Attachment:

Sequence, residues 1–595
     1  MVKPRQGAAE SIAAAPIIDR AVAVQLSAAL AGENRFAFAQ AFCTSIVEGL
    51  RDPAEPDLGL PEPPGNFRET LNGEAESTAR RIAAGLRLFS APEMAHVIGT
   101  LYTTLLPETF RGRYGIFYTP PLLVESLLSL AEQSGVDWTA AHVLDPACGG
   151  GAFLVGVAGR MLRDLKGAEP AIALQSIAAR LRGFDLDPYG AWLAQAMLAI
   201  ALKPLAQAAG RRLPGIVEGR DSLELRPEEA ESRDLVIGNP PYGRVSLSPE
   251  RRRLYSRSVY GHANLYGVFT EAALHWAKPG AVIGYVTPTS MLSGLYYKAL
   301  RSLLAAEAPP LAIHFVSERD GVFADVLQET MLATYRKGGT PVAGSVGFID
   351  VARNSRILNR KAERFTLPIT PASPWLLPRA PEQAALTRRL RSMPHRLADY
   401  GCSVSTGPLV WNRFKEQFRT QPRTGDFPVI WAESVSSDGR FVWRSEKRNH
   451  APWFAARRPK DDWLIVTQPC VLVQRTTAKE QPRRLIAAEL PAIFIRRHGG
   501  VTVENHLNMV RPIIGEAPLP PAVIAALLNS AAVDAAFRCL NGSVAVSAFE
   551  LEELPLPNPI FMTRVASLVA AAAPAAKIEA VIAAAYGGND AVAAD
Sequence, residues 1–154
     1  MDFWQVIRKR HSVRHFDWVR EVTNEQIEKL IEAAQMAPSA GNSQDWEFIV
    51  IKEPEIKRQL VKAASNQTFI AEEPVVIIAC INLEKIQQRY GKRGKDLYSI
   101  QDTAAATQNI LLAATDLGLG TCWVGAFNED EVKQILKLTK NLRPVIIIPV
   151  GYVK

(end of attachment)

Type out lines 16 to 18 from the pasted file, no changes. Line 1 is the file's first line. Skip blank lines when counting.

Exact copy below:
    51  IKEPEIKRQL VKAASNQTFI AEEPVVIIAC INLEKIQQRY GKRGKDLYSI
   101  QDTAAATQNI LLAATDLGLG TCWVGAFNED EVKQILKLTK NLRPVIIIPV
   151  GYVK